'misogynist culture' | 

Trial hears army officer accused of sexually assaulting female officers should not be ‘scapegoated’

The officer is accused of assaulting two female soldiers following a social function held at an army base at the height of the Covid-19 pandemic

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Andrew PhelanSunday World

AN army officer charged with sexual assault should not be "scapegoated" over the "misogynist culture" in the Irish defence forces, his lawyer has told a trial.

The officer is accused of assaulting two female soldiers following a social function held at an army base at the height of the Covid-19 pandemic.

A prosecutor said the case went to "the heart of what it means to be a leader" in the defence forces and urged a military board to convict him.

Closing speeches were delivered in the six-week trial before the board - the equivalent of a jury - retired to begin deliberations this evening.

The General Court Martial is being held at the Military Justice Centre in Dublin's McKee Barracks.

The defendant, a married father in his 30s who cannot be named, denies six charges including four sexual assaults and two physical assaults on two non-commissioned officers (NCOs) on the night of June 25, 2020. He originally faced a total of 17 charges but he earlier pleaded guilty to five - two counts of drunkenness, one of disorderly conduct and two physical assaults.

Seven other charges inclduing sexual assault, assault and further counts of alleged misconduct have either been withdrawn by the prosecution or will be subject to acquittal by direction of military judge, Colonel Michael Campion. The incidents allegedly happened at an army base which also cannot be identified under reporting restrictions ordered by the judge.

Earlier, closing speeches were delivered by Commandant Sean Coffey BL for the prosecution and Feargal Kavanagh SC, defending.

Comdt Coffey said the complainants were “discreet, trustworthy, highly experienced” NCOs and “clear, reliable" witnesses. He said the case went to “the heart of what it means to be a leader in the defence forces.”

“When female members of the defence forces carrying out their duties are at risk from our own members, action needs to be taken, discipline must be upheld and members must be called to account,” Comdt Coffey said, urging the board to find the accused guilty.

Mr Kavanagh told the board there had been "a misogynist atmosphere and culture" in the army for years, and "it’s time it was dealt with and it all came out in the wash."

"But you don’t want to be labelled or have it suggested there is some scapegoating going on here,” he said. He said the board had to restrict its considerations to the evidence.

“There’s somebody’s life on the line,” Mr Kavanagh said, telling the board the accused was “hard-working, diligent and loyal” with years of “exemplary service” to his country.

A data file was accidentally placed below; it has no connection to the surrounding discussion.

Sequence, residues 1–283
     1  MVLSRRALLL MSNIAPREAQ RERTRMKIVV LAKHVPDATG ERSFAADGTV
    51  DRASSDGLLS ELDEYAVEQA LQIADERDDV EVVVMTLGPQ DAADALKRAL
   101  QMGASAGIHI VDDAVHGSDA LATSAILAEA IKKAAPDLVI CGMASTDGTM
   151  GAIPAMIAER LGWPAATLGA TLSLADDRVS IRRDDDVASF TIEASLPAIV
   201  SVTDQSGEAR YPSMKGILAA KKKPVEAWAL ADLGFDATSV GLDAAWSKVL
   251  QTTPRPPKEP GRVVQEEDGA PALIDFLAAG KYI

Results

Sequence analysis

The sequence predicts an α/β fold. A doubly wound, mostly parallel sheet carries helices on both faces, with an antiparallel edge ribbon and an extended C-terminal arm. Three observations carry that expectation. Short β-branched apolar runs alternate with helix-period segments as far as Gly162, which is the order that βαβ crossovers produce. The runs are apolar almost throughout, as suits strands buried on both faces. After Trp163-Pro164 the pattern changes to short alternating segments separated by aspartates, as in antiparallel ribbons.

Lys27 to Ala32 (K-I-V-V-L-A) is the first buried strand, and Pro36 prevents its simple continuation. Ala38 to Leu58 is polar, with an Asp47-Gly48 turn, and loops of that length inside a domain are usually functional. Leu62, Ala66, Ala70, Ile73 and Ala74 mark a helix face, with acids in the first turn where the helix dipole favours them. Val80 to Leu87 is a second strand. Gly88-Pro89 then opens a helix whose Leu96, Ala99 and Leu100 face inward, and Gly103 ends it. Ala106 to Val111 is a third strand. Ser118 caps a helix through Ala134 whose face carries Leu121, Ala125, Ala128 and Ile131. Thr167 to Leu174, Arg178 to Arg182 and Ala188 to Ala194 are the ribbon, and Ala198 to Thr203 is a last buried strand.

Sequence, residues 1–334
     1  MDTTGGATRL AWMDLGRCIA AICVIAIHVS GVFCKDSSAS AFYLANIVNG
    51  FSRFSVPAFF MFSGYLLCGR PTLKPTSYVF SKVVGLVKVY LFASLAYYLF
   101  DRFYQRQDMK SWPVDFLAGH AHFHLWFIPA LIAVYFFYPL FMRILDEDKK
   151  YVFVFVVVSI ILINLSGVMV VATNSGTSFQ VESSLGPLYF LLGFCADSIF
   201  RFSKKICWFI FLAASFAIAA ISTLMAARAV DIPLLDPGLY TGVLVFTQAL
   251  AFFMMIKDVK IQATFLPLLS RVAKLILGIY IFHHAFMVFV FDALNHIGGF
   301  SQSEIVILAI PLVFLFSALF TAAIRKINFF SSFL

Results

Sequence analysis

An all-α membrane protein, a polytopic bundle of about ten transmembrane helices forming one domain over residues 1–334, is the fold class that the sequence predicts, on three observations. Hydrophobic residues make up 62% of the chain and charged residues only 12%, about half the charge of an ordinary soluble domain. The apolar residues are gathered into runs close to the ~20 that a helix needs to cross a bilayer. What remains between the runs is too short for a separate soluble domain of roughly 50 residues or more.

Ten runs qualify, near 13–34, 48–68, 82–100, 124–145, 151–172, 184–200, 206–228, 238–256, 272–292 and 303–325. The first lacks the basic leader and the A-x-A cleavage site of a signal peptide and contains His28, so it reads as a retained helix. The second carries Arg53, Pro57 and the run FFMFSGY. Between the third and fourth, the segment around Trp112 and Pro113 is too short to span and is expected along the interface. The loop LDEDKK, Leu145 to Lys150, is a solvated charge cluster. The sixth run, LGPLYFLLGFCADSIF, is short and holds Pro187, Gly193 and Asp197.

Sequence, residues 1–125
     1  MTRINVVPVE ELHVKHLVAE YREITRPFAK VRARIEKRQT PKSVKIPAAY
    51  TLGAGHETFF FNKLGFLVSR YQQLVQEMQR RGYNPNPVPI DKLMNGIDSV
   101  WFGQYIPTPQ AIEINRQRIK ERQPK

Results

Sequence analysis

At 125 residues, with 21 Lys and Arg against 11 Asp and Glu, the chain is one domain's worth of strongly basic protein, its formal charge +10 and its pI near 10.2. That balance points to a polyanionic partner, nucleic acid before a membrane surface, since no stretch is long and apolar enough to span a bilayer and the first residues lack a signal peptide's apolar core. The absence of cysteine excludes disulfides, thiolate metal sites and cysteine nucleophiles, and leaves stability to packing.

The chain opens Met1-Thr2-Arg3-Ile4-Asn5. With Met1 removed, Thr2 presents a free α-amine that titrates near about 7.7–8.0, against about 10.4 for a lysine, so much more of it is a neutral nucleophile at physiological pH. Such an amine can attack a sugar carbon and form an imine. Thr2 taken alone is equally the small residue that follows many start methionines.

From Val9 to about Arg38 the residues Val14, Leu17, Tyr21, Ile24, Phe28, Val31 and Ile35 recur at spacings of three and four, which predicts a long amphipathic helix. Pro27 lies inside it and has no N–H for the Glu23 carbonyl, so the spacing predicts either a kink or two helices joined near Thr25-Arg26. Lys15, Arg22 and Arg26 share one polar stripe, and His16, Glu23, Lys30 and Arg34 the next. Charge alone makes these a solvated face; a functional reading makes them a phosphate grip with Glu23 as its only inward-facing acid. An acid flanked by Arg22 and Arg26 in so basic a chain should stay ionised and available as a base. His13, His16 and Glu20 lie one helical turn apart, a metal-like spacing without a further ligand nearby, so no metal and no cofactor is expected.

“He’s brave, he’s honest, he was not sober - we accept that,” Mr Kavanagh said. “He now finds himself in a situation where his career is over, effectively,” he said. “You might bear in mind it’s a serious matter with serious repercussions. Deal with him fairly.”

During the trial, evidence was given by both alleged victims, the accused and several other defence force members.

However no details of their evidence can be published by order of the judge.

In the sexual assault charges, the accused allegedly placed one hand around the first NCO’s back and used his other hand to pull her head towards him, leading her to believe he was attempting to kiss her, and separately pulling her head towards his genital area.

He allegedly placed both his arms around the second complainant's torso in an inappropriate manner and without her consent as well as subsequently moving his open palms up and down her back while saying: “Come on, come on.” One physical assault charge relates to the alleged pulling of the first NCO's head towards his face. A second alleges he moved towards the second NCO, causing her to apprehend she would be physically assaulted.

He denies all these counts.

The charges he pleaded guilty to were disorderly conduct by saying "I'm a prick" in the soldiers' presence, physically assaulting one NCO by grabbing her wrist and the other by placing his arms around her torso.

The state withdrew counts of disorderly conduct that alleged the accused said "me dick" and "me cock" in the NCOs' presence, and asked two male soldiers "do you know who I am?"

The judge directed the board to acquit for legal reasons one charge of moving towards the second complainant, causing her to apprehend a sexual assault, one count of physically assaulting the first complainant by placing his hand on her shoulder and a count of disorderly conduct by telling a male soldier to "f**k off."

Extensive reporting restrictions on the identity of soldiers, the location of the incidents and other evidence relating to military details were imposed by the judge.

The board consists of five male and two female senior ranking officers from the army, Naval Service and Air Corps. Under court martial rules, convictions require at least a 5-2 verdict of the board. On conviction, a sentence, if any, is decided by the judge.


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